In man, subjects with deletions of the STS gene, or inactivating mutations within it, and thus presenting with the disorder X-linked ichthyosis, appear to display heightened vulnerability to autism and to predominantly-inattentive subtype ADHD . Moreover, the STS gene has been associated with ADHD , suggesting that steroid sulfatase may underlie attentional processes in both rodents and humans. STS is located on the distal short arm of the X chromosome (Xp22.3), very close to PAR, and it escapes X-inactivation . Unlike in the rat, in man, X-linked STS has a homologue located on the long arm of the Y chromosome, although a succession of base substitutions, and small insertions and deletions appear to have rendered this Y-linked version a non-expressed pseudogene . The fact that STS escapes X-inactivation (and is therefore expressed from both X chromosomes), and that it has no functional Y homologue, could potentially explain the reported higher activity of the enzyme in female than male tissues [96,97]. Furthermore, this sex difference in steroid sulfatase activity could explain why males and females are differentially vulnerable to disorders of attention and impulse control such as ADHD and pathological gambling.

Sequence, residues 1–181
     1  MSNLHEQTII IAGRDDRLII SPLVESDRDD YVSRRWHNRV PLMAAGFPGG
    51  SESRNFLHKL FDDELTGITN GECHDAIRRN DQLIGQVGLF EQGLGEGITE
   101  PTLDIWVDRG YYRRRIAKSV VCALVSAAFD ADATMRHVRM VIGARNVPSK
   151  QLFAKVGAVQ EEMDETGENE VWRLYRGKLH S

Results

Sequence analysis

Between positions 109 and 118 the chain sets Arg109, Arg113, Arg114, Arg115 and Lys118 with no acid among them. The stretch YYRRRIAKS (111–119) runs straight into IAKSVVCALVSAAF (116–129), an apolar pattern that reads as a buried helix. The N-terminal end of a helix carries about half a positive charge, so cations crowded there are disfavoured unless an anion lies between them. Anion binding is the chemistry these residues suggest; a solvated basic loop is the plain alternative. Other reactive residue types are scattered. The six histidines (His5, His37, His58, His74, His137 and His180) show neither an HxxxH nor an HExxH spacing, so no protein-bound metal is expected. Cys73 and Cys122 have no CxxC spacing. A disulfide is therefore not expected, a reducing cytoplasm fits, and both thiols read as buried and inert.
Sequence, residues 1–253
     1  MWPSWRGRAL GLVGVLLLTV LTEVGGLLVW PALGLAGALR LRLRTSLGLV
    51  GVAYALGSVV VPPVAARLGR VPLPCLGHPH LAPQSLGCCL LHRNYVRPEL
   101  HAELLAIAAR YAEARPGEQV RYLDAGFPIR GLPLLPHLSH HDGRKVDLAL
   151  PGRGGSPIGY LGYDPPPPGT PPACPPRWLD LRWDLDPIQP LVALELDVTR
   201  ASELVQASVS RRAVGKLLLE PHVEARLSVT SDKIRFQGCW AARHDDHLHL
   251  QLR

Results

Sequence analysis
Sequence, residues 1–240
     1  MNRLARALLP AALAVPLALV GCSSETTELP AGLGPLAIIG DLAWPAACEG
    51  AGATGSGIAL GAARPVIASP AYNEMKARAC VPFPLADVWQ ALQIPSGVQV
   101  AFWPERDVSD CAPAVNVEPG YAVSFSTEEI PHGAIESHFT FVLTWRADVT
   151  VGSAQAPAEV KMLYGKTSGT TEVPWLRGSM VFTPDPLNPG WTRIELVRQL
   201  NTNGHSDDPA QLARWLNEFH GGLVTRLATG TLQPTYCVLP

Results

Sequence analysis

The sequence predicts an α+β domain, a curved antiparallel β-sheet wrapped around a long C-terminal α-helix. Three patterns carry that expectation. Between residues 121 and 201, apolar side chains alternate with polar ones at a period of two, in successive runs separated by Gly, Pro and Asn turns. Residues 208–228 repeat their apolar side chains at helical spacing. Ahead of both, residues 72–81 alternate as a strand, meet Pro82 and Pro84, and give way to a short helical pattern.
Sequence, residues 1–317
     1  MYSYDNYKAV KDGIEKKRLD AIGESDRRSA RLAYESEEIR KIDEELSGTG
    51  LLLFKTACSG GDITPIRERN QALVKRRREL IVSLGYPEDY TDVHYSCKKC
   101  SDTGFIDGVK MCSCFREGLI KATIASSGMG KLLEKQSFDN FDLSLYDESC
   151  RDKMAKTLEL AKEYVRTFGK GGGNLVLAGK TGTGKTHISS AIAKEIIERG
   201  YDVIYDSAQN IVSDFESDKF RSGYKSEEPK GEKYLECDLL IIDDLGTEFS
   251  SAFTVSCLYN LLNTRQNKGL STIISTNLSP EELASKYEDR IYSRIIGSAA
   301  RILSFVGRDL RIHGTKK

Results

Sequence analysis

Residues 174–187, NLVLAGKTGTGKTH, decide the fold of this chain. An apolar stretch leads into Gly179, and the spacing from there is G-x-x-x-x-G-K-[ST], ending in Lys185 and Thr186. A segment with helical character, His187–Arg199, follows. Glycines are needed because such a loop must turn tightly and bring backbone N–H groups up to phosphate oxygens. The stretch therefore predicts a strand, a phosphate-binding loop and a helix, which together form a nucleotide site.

SRY and STS are perhaps the best characterised genes resident on the Y chromosome in terms of their brain and behavioural functions, although it must be acknowledged that in many respects our knowledge about the role of these two genes is lacking. However, there are several other Y-linked genes in NRY, which, in that they are expressed in the brain, could also potentially contribute towards neural sexual differentiation. Xu and colleagues described six NRY genes (Dby (now Ddx3y) Ube1y, Smcy (now Kdm5d), Eif2s3y, Uty, and Usp9y) which were expressed at one or more developmental stages in male and 40,XY female mouse brain (the latter indicating a lack of requirement for testicular secretions). Of the genes analysed, all had an X-linked homologue, which was definitively known to escape X-inactivation in three cases (Smcx/Kdm5c, Utx and Eif2s3x). In several cases, the expression of the Y homologue in males was much lower than its X-linked homologue, and as such was not sufficient to ensure dosage compensation between the sexes. A further intriguing possibility when considering the genetic mechanisms underlying sexually dimorphic brain phenotypes, is that X and Y-linked homologues, in addition to being expressed at different levels, are expressed at different developmental stages and/or in different brain regions. Indeed, recent work by Xu et al. has shown that the paralogues Utx and Uty are differentially expressed in the paraventricular nucleus of the hypothalamus (high Uty expression) and in the amygdala (high Utx expression), possibly as a consequence of differential epigenetic marks . To our knowledge, no comprehensive survey comparing the relative spatiotemporal expression dynamics of X and Y homologues has yet been performed, although it has been shown that that there is some consistency in the expression patterns of Eif2s3y and Eif2s3x, with highest expression of both in the thalamus, hypothalamus, hippocampus and cerebellum . The expression patterns for many mouse NRY genes are now documented in resources such as the Allen Brain Atlas: of the Y-linked genes mentioned above, Ube1y and Eif2s3y are highly expressed throughout the hypothalamus. As the pituitary gland is pivotal in the secretion of hormones underlying sex-specific physiology, it would be worthwhile examining the expression of Y-linked genes in specific endocrine cell types of this tissue. In many cases, the brain and behavioural functions of NRY-linked genes are obscure, a fact probably attributable to the structural nature of the Y chromosome precluding the development of knockout models. Insights into the range of neural functions underpinned by NRY genes are likely to come from Y-chromosome mutant mice (in which Y-linked genes are spontaneously deleted or duplicated); alternatively, insights may come from a comparison of normal male mice and 39,XmO mice , the two groups only differing in the fact that the latter has no Y chromosome.